- Buyer's Guide
Colfax Design Works TOAD Review
SoCal-based Colfax Design Works might be a new name to you. But we suggest you keep an eye on this relative newcomer, who has been cutting their teeth with the big boys since their launch in 2015. They even earned a Highly Commended Award in our 2019 Carry Awards, a seriously impressive feat for only four years in the game. I personally first discovered this brand via their Instagram account, displaying photos of their badass carry gear strapped onto a Ural sidecar motorcycle adventuring through rugged romantic landscapes. Yeah, I’m a fan of the simple things. Well, I’m glad I dropped the folks at CDW a line (super friendly folks, by the way!).
Let’s dig in. The T.O.A.D. (Tactical Operations Amphibious Drybag) is a fully ultrasonically RF welded bag that’s adaptable to any environment, “from aquatic to arid”. Yes, that means it’s legitimately waterproof, but we’ll get to that later. Surprisingly, even with the heavy-duty 500D Cordura with waterproof TPU coating and the extreme waterproof construction, this bag is shockingly lightweight. Coming in at 1.7 lbs total, this makes my comparable YETI Panga waterproof duffel feel extra heavy at 5.2 lbs. So you’ll only have to worry about the weight of the stuff you throw in here. Fun fact, this is my first Multicam bag…chosen specifically for its form factor and I’ve got to say that it’s growing on me. But hey, it’s also available in black, which if you’re on our Carryology Classifieds Facebook group, you’d know is my favorite.
Despite being lightweight (which can often mean “light use”), this is a serious gear duffel for your domestic or international travels. That being said, don’t expect all kinds of extra pockets to organize your stuff everywhere. For me, this isn’t a negative, since I’m a big fan of Inception Packing, where I’ll have all my gear divided up into their own respective pouches. There’s a big beefy YKK AquaSeal waterproof zipper that runs the length of the bag, providing full access to the cavernous interior compartment which eats up 40 liters of goodness. Having no divisions or small pockets means you can shove large and bulky items in here with ease.
Being in the bag design game myself for a dozen years or so now, it’s a mind-boggling feat to me that such a small brand can manufacture these bags in the USA. Particularly because of how they manufacture these “military inspired technical travel goods” with high-end materials and expensive (and hard to find) methods of manufacturing within the borders of the US. I’ll say, materials-wise, they nailed it. How about the hardware and trim?
ITW military spec hardware keeps everything nice, strong, and adjustable on the carry handle shoulder combo straps. I’ll admit that at first, I was wary of the non-padded straps, but surprisingly, when being worn in backpack mode, the thick and wide military spec nylon webbing straps distribute the weight of gear comfortably and evenly. Sure, they’re simple, but in some cases, like the end use for this product, that’s a good thing.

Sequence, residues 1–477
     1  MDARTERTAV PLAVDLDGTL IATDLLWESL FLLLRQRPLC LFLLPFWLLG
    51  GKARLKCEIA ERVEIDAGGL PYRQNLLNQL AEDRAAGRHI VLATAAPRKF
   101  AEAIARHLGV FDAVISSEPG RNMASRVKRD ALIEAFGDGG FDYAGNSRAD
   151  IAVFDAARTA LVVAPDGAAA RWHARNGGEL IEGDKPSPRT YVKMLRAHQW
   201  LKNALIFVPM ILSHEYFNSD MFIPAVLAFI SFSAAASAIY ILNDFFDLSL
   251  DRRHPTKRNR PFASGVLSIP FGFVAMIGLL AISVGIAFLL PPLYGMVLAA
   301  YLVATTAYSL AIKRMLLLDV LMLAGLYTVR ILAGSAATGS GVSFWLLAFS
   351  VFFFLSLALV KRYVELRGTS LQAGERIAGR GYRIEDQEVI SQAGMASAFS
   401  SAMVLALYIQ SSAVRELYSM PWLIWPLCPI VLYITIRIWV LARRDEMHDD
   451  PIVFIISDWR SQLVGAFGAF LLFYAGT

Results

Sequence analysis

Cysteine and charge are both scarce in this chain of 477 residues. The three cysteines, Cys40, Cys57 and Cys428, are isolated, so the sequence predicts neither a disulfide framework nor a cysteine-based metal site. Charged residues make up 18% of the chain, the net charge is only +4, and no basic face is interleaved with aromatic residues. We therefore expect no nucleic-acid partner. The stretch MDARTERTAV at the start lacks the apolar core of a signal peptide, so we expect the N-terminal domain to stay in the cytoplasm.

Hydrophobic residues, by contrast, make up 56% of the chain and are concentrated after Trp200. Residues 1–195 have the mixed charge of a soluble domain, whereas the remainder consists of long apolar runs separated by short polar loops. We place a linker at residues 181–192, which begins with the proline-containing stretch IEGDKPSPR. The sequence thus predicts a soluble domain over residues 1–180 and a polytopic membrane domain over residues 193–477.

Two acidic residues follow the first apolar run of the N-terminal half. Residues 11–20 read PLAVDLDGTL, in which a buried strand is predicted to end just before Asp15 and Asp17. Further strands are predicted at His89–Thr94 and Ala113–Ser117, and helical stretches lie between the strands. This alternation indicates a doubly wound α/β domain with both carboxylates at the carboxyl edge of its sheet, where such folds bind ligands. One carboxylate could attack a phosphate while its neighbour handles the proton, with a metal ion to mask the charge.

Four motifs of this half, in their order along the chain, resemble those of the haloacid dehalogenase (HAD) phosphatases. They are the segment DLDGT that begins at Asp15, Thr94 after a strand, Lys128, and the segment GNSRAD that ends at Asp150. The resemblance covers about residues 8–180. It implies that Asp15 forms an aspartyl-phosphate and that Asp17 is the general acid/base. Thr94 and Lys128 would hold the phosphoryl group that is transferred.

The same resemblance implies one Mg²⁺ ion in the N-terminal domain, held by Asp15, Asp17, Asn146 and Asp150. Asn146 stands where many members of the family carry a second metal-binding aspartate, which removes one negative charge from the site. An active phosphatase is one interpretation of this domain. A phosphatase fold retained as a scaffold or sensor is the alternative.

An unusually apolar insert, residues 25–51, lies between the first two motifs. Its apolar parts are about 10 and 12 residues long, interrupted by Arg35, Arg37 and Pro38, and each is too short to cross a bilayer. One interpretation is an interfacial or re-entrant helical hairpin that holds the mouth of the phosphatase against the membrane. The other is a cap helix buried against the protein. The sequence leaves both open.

As mentioned in my opening paragraph, I’ve used this thing across a variety of environments and methods of travel and it was a pleasure to use. But CDW was making bold claims about the T.O.A.D., stating that it has an IPX7 rating (1 meter below water for 30 minutes without a single leak). Well, we wouldn’t be Carryology if we didn’t try to see if that claim held up. So my friends and I took a hike up to the 272-foot Watson Falls in Oregon’s Umqua National Forest to get this thing dirty and wet.
Putting a whole lot of trust into the T.O.A.D. (and maybe I was a little lightheaded from the freezing cold hike), I put my high-end camera gear into the bag, the YKK AquaSeal sounding like an angry hornet as I zipped it up tight, made sure it was fully inflated via the included exterior locking buoyancy valve, said some final words, then sent it down the fast-moving creek originating from the waterfall above.
I held my breath and my buddy Cole Fazio snapped photos as it bounced off the jagged rocks and down several 1-2 foot drops over rapids for about a quarter mile or so. The bag almost snuck by me, and would have likely continued on to the Pacific Ocean, but I did manage to nab the heavy-duty grab handle and pull it up to safety for inspection.
Well, folks, the bag came out unscathed. My gear was pristine, dry, and the T.O.A.D. casually brushed it all off like it never even happened. If you ask me, that’s a serious win. Since then, the bag has seen rain and ice and continues to hold air, even when I give it my heaviest and hardest bear hug to check for leaks.
Now I’ll be the first to admit that one doesn’t always need waterproof…but for that extra peace of mind, the Colfax Design Works T.O.A.D. ($345) delivers as an ultimate adventure duffel backpack for those who are serious about gear. Whether it’s strapped to a Ural sidecar motorcycle in a stereotypical PNW downpour or floating down a fast-moving snow-melt creek with expensive camera gear inside, it will keep your gear bone dry…and in my opinion, looks pretty badass while doing it.